Mud to Museum: Making Sense of Archaeology . . .
. . . or “Watching Other People Work and Calling it Research!”
My role on the site is quite different from that of the other researchers on site — I am studying not the archaeology but the archaeological team itself.
I am here at the Ness undertaking preliminary ethnographic fieldwork for a new study Mud to Museum: Making Sense of Archaeology.
Archaeology is a complex, and increasingly interdisciplinary, area of research and a large dig like the Ness of Brodgar brings together an international team of people with very different specialist skills and experience, all needing to work together as they try to make sense of this extraordinary and highly complex site – making it an ideal research site, from my point of view!
My fieldwork involves ethnographic observation of the archaeological team and grabbing quick interviews with people to gain insights into their work practices – otherwise known as “Standing about watching other people work and calling it research!”
My first few days have been incredibly valuable and I thought I might share a few ideas from my field note:
Getting your hands dirty
Becoming an archaeologist involves many years of study and a deep engagement with a complex body of theory and research.
However, being a field archaeologist involves developing another quite different set of skills: how to dig; use a trowel, handle delicate artefacts and a range of other physical skills (what I would call embodied knowledge).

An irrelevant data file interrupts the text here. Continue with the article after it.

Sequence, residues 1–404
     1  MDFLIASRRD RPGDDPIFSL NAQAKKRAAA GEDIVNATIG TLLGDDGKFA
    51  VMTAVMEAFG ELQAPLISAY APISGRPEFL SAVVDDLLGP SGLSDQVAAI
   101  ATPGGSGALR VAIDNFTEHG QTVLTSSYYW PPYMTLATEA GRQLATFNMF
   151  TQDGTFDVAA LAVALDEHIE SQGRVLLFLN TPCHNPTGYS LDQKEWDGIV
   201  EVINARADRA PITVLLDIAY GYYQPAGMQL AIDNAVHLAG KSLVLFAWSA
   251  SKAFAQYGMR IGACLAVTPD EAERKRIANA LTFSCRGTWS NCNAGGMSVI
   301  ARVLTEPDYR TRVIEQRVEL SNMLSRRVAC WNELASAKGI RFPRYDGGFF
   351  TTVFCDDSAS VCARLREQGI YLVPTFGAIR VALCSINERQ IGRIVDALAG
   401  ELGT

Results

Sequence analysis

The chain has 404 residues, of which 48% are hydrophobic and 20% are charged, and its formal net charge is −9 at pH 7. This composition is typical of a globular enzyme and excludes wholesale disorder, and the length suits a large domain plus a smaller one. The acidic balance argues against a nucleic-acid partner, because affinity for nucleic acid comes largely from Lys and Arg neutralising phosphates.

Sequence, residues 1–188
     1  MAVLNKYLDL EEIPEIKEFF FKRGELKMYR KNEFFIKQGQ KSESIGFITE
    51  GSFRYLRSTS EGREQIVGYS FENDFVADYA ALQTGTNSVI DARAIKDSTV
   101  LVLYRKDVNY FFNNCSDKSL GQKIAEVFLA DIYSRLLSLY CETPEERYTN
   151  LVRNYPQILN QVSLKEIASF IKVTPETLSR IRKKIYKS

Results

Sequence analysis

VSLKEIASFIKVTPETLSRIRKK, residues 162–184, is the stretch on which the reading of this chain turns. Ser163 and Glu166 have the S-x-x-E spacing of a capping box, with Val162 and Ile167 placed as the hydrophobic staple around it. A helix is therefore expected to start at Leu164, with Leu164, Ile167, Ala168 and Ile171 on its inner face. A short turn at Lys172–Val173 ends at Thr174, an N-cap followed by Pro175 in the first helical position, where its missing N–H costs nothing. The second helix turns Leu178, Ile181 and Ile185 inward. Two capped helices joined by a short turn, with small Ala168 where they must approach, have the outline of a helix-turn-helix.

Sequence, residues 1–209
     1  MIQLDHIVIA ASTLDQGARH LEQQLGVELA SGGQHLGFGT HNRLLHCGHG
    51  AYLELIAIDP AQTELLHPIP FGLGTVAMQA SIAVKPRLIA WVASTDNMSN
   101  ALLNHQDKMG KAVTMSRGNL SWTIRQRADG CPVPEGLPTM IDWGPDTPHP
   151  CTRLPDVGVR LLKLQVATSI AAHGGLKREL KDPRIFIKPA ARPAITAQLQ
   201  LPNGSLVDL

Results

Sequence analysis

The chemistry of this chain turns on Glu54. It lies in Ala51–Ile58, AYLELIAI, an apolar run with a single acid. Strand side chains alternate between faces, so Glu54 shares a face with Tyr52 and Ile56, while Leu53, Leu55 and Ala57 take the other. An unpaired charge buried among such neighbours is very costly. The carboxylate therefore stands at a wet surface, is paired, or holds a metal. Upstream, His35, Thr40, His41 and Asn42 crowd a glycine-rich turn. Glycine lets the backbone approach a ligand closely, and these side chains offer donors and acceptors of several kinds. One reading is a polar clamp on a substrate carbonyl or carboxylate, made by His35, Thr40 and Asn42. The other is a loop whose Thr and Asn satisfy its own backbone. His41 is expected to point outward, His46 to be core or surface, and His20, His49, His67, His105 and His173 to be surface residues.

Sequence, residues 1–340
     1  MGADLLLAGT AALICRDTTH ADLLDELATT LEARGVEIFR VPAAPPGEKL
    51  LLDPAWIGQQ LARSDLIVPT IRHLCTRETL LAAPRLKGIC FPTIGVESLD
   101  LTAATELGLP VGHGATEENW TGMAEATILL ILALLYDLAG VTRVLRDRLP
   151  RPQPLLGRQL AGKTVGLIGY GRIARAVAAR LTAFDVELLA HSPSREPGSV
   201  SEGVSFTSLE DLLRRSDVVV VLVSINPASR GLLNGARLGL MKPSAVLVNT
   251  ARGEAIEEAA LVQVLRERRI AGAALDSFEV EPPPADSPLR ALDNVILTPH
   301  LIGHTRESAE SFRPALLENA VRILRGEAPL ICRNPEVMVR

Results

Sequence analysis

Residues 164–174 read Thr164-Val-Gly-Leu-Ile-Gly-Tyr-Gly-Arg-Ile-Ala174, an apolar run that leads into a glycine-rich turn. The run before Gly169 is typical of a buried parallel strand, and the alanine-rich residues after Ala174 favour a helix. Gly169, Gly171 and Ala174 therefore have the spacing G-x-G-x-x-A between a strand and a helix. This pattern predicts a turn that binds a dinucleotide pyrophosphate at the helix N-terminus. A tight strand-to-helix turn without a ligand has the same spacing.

All over the site, you will see students and volunteers learning these skills from the more experienced team members. Experienced team members show beginners the right way to do things and the neophyte diggers copy their ways of working.
Field archaeology can be seen as a kind of apprenticeship – which is, of course, one of the oldest and most effective of human learning strategies. It is interesting to think that students on the site are learning from their seniors in exactly the same way as the original builders of the complex would have learned how to build it in the first place…
Drawing as sense-making
Although the site is awash with high-tech cameras, GPS loggers and other sophisticated recording equipment (Including Hugo’s amazing kite camera!), all over the site, you will see people, from site director, Nick Card, to students and volunteers, using old-fashioned pencil and paper to draw the site’s features.
What is behind this seemingly luddite behaviour?
Not only can a hand-drawn plan be the most effective method for indicating a section’s most important features, drawing can be an incredibly effective mental strategy for team members to develop an intimate understanding of the area they are working in.
A deft touch
Identifying finds on a Neolitihic site is a complicated business, often looking alone isn’t enough: a stone tool often looks like an ordinary, garden variety rock! Experienced team members can be seen carefully handling stones, testing how they fit in the hand, experimenting with how they might be used.
Site geologist, Martha, is teaching diggers to take this further: an unusually heavy rock may be rich in iron ore and make a valuable tool; one with an unusually smooth surface may have been carried some distance from the seashore.
Archaeology is a rich sensory experience — although I’ve yet to see any archaeologists trying to taste an artefact!
Mud to Museum is a research project in its infancy but working with colleagues at UTS and at the University of Alabama in the United States, the aim is for the project to not only further our understanding of how interdisciplinary groups work together but, on a more practical level, inform the development of new information systems and tools that will make the work of archaeologists in the field easier.
Dr Michael Olsson
University of Technology, Sydney